1920x1200 + 1050x1680.
Yeah, yeah. Old joke. But never the less, I find it important to handle multiple screens. For one thing I always have multiple applications open at the same time. My Windows system is set to automatically launch various programmes upon start up. Opera, and Notes being the primary two main ones. There are secondary applications depending on whether I am at home or work.
The more astute of you will have looked at the above figures and realised that one is landscape, the other is portrait. Notes is always on the landscape screen. When I'm reading or editing documents it is always on the portrait screen. When faced with a wall of text I find it easier on the eyes to break the length of the lines into more manageable chunks. If the lines are too long it is harder to read.
I find also that programming is easier in portrait. So my Visual C is on the portrait screen. But Notes Designer is on the landscape screen. Mainly because the Eclipse IDE breaks things into sections and the primary section is small enough that you don't lose track of where you are. Proper indenting also helps... something you don't get when you are writing that long boring technical manual.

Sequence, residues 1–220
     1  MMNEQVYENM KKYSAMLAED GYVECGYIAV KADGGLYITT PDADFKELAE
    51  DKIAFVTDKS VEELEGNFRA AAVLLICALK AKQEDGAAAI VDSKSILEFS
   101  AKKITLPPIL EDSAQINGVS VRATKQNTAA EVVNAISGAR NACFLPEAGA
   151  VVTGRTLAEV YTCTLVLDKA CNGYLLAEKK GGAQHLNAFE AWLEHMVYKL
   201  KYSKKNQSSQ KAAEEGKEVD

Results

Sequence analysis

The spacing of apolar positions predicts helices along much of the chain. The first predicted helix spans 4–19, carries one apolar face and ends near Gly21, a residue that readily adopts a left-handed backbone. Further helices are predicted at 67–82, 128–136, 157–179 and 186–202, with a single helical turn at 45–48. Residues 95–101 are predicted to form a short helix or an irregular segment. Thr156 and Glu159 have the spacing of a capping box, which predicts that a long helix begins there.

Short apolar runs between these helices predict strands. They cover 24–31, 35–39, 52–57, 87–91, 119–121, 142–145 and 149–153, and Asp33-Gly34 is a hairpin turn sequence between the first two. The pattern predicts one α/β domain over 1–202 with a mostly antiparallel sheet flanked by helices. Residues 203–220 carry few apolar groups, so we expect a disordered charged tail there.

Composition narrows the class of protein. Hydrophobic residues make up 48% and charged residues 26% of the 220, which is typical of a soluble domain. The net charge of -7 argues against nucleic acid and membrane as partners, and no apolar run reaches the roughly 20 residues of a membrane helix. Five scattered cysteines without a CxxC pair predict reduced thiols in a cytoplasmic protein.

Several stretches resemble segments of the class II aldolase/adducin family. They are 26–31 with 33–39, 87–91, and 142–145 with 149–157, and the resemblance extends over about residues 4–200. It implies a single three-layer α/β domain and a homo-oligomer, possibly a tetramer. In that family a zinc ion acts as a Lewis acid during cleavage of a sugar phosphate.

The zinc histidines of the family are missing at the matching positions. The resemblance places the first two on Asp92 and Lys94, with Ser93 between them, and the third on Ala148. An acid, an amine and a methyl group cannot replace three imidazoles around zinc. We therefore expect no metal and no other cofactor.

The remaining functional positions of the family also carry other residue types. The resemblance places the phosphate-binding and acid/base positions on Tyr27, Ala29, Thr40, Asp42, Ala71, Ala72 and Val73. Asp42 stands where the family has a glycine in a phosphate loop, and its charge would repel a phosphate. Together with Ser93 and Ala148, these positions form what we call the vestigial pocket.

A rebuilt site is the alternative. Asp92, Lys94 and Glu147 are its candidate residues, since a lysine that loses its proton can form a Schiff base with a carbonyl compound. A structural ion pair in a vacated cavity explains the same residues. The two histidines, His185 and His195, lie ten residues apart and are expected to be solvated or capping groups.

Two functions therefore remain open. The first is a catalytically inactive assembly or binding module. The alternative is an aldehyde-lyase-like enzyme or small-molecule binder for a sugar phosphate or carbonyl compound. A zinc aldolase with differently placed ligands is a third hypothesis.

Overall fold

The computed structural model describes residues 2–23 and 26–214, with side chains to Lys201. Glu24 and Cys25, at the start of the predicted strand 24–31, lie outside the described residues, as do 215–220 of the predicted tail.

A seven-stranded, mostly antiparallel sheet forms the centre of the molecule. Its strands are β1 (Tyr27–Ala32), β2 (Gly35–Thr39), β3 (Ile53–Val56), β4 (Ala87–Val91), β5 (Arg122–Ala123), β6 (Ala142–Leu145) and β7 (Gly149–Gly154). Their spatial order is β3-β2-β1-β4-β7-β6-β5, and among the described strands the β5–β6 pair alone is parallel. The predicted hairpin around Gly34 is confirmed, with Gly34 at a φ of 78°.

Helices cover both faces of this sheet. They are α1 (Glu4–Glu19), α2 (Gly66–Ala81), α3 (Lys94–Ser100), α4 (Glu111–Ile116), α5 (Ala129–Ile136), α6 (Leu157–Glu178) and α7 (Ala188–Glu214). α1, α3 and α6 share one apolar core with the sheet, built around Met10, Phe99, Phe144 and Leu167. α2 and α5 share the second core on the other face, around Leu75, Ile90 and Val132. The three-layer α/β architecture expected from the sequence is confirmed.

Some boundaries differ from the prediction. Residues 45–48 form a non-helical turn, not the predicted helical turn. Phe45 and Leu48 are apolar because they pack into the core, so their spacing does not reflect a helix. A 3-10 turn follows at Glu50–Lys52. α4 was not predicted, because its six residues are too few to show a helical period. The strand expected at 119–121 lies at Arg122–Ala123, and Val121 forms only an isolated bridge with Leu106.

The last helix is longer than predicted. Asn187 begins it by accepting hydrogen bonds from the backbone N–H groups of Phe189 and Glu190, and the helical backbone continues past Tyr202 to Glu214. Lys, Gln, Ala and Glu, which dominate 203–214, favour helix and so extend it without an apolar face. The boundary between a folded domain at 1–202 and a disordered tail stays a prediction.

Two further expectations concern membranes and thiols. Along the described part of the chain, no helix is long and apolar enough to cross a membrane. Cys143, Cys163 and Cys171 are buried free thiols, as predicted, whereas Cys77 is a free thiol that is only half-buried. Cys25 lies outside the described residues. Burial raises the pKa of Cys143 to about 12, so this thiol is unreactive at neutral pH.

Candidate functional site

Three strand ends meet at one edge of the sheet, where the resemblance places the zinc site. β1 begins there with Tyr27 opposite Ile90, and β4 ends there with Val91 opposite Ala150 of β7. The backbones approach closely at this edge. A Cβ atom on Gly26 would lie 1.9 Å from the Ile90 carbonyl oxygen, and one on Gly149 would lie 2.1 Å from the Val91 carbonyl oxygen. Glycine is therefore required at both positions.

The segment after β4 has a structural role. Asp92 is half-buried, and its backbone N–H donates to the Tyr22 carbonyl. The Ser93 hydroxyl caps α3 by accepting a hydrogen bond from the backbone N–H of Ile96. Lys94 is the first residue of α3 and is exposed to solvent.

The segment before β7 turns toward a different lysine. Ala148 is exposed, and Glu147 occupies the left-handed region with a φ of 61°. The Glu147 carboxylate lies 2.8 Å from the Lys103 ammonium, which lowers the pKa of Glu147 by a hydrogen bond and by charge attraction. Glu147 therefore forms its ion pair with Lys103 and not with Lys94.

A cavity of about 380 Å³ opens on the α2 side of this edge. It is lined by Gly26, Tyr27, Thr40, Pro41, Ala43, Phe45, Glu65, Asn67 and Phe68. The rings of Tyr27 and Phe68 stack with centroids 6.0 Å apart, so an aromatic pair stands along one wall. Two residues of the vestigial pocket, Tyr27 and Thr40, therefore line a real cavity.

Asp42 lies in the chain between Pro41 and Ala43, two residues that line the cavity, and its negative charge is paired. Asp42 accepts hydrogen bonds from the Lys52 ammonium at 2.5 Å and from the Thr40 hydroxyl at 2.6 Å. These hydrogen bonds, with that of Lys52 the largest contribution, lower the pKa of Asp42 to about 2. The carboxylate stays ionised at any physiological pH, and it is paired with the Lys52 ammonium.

And one final word on one of my biggest sources of confusion. Confusion for other people that is. I don't have any icons on my "desktop". Nor do I have wallpaper. Quite frankly I don't see the point. Whon people look at my screen over my shoulder they always ask how I can find things. I always ask them the same question when I see their screens with thousands of little icons all over their desktop. I don't have them because 99.999% of the time my screen has full size applications open. I don't see any background. Files are all in their respective project directories or saved away in databases. Applications are started from the shortcut toolbar or the All Programs list as needed. Any time you can see the actual background of my screen is when it is not being used. And these days that is very few and far between.